To perform signaling, the example router 200 of FIG. 2 includes a signaling engine 225. The example signaling engine 225 of FIG. 2 implements a signaling protocol, such as LDP or RSVP, to establish a LSP for a given TE tunnel 105. To mitigate, avoid, reduce, minimize and/or substantially eliminate data losses, the example signaling engine 225 monitors each LDP session (e.g., the example LDP session 110 of FIG. 1) for failures, errors and/or losses. When an LDP session failure is detected, the example signaling engine 225 changes and/or configures a tunnel state variable and/or flag for the corresponding TE tunnel 105 to a first logic state such that data is no longer transported via the TE tunnel 105. While use of the TE tunnel 105 is suspended, the label switching engine 210 and the tunnel manager 220 will route data via another TE tunnel. While and/or when the LDP session 110 is again operating as intended, the tunnel state variable and/or flag for the TE tunnel 105 is set to a another logic state to re-enable transport of data via the TE tunnel 105. The example signaling engine 225 can set the tunnel state variable and/or flag by, for example, sending an appropriate command to the tunnel manager 220 and/or another router via the network interface 205. Example commands include, but are not limited to, the vendor specific “autoroute announce” and “igp-shortcut” commands.

The example signaling engine 225 of FIG. 2 monitors the state and/or status of the signaling protocol session 110 by periodically and/or a periodically sending a keep-alive message and monitoring for a response. For robustness, the signaling engine 225 may require more than one missed response before determining and/or deciding that a signaling protocol failure has occurred. Likewise, after a signaling protocol failure is detected, the signaling engine 225 may wait to receive more than one correct response before re-enabling the associated TE tunnel for transport of data.

While an example manner of implementing the example routers E0, E1 and R0-R3 of FIG. 1 has been illustrated in FIG. 2, one or more of the interfaces, engines, data structures, elements and/or devices illustrated in FIG. 2 may be combined, divided, re-arranged, omitted, eliminated and/or implemented in any other way. Further, the example network interface 205, the example label switching engine 210, the example routing database 215, the example tunnel manager 220, the example signaling engine 225 and/or, more generally, the example router 200 of FIG. 2 may be implemented by hardware, software, firmware and/or any combination of hardware, software and/or firmware. Thus, for example, any of the example network interface 205, the example label switching engine 210, the example routing database 215, the example tunnel manager 220, the example signaling engine 225 and/or, more generally, the example router 200 may be implemented by one or more circuit(s), programmable processor(s), application specific integrated circuit(s) (ASIC(s)), programmable logic device(s) (PLD(s)) and/or field programmable logic device(s) (FPLD(s)), etc. Further still, the router 200 may include interfaces, engines, data structures, elements and/or devices instead of, or in addition to, those illustrated in FIG. 2 and/or may include more than one of any or all of the illustrated interfaces, engines, data structures, elements and/or devices.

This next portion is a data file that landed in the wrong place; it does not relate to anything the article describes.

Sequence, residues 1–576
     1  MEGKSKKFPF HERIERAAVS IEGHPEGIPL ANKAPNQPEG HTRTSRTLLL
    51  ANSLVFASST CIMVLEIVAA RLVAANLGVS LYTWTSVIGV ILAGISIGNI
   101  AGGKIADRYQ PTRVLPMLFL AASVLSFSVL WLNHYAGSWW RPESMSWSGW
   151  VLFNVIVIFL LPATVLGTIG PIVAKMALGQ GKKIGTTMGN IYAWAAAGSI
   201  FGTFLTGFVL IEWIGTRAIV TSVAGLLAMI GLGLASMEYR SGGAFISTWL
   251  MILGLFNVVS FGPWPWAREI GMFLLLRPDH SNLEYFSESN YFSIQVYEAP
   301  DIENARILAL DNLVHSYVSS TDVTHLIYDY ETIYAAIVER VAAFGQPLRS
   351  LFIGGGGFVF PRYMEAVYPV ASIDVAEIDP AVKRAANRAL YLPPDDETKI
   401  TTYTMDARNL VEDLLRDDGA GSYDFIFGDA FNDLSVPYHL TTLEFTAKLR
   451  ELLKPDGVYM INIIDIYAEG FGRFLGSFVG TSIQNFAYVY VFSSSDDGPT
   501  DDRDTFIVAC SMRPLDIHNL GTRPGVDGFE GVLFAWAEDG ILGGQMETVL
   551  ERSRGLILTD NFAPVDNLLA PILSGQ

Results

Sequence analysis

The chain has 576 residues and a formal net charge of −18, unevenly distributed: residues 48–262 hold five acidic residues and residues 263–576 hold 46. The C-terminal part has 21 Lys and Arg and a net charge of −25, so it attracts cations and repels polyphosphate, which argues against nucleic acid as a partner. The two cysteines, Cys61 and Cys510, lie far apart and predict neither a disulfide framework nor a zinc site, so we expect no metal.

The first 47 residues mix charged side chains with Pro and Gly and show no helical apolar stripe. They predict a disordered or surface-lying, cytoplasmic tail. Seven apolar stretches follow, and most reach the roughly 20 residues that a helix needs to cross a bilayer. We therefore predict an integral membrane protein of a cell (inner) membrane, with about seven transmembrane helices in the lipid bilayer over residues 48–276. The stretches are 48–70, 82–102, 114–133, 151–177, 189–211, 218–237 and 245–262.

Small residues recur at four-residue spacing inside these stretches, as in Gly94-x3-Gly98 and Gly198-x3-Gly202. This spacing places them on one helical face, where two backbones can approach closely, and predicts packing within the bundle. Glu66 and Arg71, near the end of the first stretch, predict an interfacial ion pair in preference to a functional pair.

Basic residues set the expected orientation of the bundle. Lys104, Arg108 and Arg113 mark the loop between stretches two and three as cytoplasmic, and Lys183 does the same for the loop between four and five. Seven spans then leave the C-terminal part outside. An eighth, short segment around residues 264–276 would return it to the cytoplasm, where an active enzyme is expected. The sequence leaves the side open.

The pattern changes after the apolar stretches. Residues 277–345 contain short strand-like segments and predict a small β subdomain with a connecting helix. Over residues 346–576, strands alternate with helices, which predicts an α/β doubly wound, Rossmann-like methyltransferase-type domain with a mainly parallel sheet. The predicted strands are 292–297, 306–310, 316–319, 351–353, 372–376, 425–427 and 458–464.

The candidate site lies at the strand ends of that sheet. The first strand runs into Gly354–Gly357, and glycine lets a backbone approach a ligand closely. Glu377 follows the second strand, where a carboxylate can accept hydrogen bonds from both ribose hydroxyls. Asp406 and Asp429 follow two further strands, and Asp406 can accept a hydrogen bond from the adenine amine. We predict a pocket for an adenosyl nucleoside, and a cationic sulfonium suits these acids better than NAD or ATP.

FIG. 3 is a flowchart representative of an example process that may be carried out to implement the example routers E0, E1, R0-R3 and 200 of FIGS. 1 and/or 2. The example process of FIG. 3 may be carried out by a processor, a controller and/or any other suitable processing device. For example, the example process of FIG. 3 may be embodied in coded instructions stored on any article of manufacture such as, but not limited to, any tangible computer-readable and/or computer-accessible medium. Example tangible computer-readable medium include, but are not limited, to a flash memory, a compact disc (CD), a digital versatile disc (DVD), a floppy disk, a read-only memory (ROM), a random-access memory (RAM), a programmable ROM (PROM), an electronically-programmable ROM (EPROM), and/or an electronically-erasable PROM (EEPROM), an optical storage disk, an optical storage device, magnetic storage disk, a magnetic storage device, and/or any other medium which can be used to carry or store program code and/or instructions in the form of machine-accessible instructions or data structures, and which can be electronically accessed by a processor, a general-purpose or special-purpose computer, or other machine with a processor (e.g., the example processor platform P100 discussed below in connection with FIG. 4). Combinations of the above are also included within the scope of computer-readable media. Machine-accessible instructions comprise, for example, instructions and/or data that cause a processor, a general-purpose computer, special-purpose computer, or a special-purpose processing machine to implement one or more particular processes. Alternatively, some or all of the example process of FIG. 3 may be implemented using any combination(s) of ASIC(s), PLD(s), FPLD(s), discrete logic, hardware, firmware, etc. Also, some or all of the example process of FIG. 3 may instead be implemented manually or as any combination of any of the foregoing techniques, for example, any combination of firmware, software, discrete logic and/or hardware. Further, many other methods of implementing the example operations of FIG. 3 may be employed. For example, the order of execution of the blocks may be changed, and/or one or more of the blocks described may be changed, eliminated, sub-divided, or combined. Additionally, any or all of the example process of FIG. 3 may be carried out sequentially and/or carried out in parallel by, for example, separate processing threads, processors, devices, discrete logic, circuits, etc.